In the UK some thinktanks have charitable status, which is weird considering charities are supposed to be apolitical.

Here's a link to a list of thinktanks:


by BenDisraeli on Thu Jul 24th, 2008 at 08:39:34 PM EST
[ Parent ]
In Lithuania there is a Free Market Institute (LFMI) doing quite a consistent job of imposing Milton Friedman's orthodoxy. Other Eastern European countries probably have similar institutions.

It all goes pretty classic in Lithuania. After a credit and real estate boom, harder times are pressing. Inflation is geared in double digits since the last autumn - and free marketers, of course, are blaming rising wages. The wages are still pretty low by European standards: the 1000 euro level is a prevalent wish but seldom a reality. Even so, the LFMI pundits speak of "enormous inflationary pressure" due to rising wages. But why would rising wages, which is actually just an adjustment of the profits vs wages ratio rather than a monetary influx, should cause inflation, while the recent credit novelties did not raise inflation noticeably at all? The monetary mass comes from that concentrated "capital" that can't find a purpose in the modern climate. The real estate in Vilnius dropped some 10% in price (and 30% in volume) last year, rather modest loss so far if your forget inflation.

The global conditions are laughably ignored in LFMI comments: the difficulties are all because of hapless government, that dares to keep requirements of night shift minimal wages, and never allows a "truly" free market. Never mind that the "social-democratic" ("former-communist") governments favored substantial business interests over workers' weight better than any other "liberal" party in the country.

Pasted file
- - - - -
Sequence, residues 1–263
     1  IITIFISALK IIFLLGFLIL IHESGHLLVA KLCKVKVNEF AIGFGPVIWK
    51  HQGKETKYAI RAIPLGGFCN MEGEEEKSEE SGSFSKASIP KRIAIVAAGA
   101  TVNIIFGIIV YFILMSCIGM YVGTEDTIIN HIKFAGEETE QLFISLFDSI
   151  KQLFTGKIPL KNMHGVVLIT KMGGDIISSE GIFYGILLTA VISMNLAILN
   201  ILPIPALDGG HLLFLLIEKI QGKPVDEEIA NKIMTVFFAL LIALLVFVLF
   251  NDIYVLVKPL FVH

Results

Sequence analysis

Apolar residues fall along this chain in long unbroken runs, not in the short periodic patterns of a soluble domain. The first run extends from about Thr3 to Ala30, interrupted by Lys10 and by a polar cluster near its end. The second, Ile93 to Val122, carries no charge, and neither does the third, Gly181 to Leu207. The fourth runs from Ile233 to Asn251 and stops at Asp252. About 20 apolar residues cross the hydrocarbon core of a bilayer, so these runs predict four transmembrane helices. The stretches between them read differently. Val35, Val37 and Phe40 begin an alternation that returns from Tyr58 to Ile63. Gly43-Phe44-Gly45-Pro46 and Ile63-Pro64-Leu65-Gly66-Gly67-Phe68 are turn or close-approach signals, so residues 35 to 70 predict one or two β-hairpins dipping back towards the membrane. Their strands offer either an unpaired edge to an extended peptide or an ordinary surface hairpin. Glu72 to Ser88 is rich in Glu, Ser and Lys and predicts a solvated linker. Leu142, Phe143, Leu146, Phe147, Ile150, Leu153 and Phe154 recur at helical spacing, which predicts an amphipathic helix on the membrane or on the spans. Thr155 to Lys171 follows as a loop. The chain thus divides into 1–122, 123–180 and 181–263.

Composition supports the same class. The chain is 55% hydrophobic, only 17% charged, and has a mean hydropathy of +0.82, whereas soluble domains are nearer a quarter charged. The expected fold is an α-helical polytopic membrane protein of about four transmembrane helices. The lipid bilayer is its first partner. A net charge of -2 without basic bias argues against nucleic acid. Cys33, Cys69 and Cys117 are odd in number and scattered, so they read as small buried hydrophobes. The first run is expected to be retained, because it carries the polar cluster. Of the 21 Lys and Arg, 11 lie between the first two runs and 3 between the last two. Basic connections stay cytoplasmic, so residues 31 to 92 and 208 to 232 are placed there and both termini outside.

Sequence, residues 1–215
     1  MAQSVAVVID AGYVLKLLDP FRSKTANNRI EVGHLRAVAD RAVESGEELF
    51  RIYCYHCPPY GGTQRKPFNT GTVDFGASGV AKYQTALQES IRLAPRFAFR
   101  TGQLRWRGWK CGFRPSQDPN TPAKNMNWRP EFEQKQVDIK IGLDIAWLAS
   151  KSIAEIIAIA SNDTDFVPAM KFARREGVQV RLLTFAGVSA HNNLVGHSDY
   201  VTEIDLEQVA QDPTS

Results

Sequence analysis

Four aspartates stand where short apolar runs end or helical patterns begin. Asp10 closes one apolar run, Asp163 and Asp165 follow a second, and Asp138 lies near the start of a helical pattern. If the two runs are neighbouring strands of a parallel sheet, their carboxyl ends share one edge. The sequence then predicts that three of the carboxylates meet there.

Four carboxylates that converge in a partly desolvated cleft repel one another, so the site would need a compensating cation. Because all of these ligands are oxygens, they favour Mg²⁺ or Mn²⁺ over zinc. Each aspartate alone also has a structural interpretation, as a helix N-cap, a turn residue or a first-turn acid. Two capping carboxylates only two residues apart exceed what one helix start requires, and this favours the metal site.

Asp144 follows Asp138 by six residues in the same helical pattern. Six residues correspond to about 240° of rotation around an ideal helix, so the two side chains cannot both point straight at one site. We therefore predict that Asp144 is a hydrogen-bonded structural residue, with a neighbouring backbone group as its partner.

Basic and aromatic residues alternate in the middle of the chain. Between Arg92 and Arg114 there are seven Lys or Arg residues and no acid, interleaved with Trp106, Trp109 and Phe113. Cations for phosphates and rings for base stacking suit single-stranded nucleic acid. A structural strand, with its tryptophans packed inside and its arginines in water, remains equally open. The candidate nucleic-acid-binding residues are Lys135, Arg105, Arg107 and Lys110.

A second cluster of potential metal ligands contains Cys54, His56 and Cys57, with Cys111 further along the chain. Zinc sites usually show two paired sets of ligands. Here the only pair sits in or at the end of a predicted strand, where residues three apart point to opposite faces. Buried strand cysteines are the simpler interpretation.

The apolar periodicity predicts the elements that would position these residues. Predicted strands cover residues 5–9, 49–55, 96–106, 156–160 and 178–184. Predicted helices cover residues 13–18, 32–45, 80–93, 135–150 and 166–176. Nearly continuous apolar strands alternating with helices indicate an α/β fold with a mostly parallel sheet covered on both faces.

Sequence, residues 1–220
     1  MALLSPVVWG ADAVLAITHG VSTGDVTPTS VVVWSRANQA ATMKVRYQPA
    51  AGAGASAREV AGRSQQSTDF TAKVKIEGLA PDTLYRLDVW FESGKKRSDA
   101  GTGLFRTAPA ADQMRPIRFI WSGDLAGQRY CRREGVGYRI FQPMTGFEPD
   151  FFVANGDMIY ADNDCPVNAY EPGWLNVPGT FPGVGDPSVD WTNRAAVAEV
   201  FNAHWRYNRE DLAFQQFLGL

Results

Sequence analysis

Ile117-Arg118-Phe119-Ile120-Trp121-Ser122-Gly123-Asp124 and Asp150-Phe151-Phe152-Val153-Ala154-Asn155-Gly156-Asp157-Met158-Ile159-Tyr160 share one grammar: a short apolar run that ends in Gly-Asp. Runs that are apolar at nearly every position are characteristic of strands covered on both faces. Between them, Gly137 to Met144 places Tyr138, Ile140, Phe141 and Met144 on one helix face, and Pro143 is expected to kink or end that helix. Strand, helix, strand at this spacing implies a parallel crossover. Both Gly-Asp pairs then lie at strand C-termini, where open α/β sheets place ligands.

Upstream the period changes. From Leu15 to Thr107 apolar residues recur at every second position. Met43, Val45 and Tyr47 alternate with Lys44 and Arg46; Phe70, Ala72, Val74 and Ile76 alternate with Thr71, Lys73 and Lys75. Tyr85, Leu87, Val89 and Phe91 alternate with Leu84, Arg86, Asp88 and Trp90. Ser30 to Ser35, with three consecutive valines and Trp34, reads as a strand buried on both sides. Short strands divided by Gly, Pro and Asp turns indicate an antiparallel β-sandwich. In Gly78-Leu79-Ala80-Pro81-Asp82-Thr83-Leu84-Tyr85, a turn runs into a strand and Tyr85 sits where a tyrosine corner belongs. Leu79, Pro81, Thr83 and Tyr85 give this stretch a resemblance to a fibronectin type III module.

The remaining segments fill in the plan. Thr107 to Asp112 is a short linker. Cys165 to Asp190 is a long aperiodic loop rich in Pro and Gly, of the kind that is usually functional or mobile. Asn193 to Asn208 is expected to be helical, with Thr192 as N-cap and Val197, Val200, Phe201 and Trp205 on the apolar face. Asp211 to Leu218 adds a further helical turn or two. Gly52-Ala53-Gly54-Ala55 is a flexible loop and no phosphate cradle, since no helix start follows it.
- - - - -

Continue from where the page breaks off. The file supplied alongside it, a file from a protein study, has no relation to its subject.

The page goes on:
Wage rises are also bad because they harm "competitiveness" of Lithuanian enterprises - you may think, capitalism is not viable without cheapest labour. According to LFMI, wages may rise only with rising "productivity" - which probably means that all work and services must be directed to the rich class, as only they can offer a "productive" price, while just helping each other cheaply is so unproductive. But workers have the (still exceptionally popular) option of emigrating - and who is to blame then for entrepreneurs' headaches of little labor choice?

If LFMI latest predictions or higher unemployment come true (because entrepreneurs "have to cut"), the fun of foreclosures and credit defaults will start in full. We won't be surprised as well.

by das monde on Thu Jul 24th, 2008 at 09:08:28 PM EST
[ Parent ]
Actually, it's worse: The modern orthodoxy tells that it is enough for everyone to look for own interests, and the common matters will self-organize themselves in pretty much the optimal possible way for everyone.

The road of excess leads to the palace of wisdom - William Blake
by talos (mihalis at gmail dot com) on Thu Aug 7th, 2008 at 05:57:02 AM EST
[ Parent ]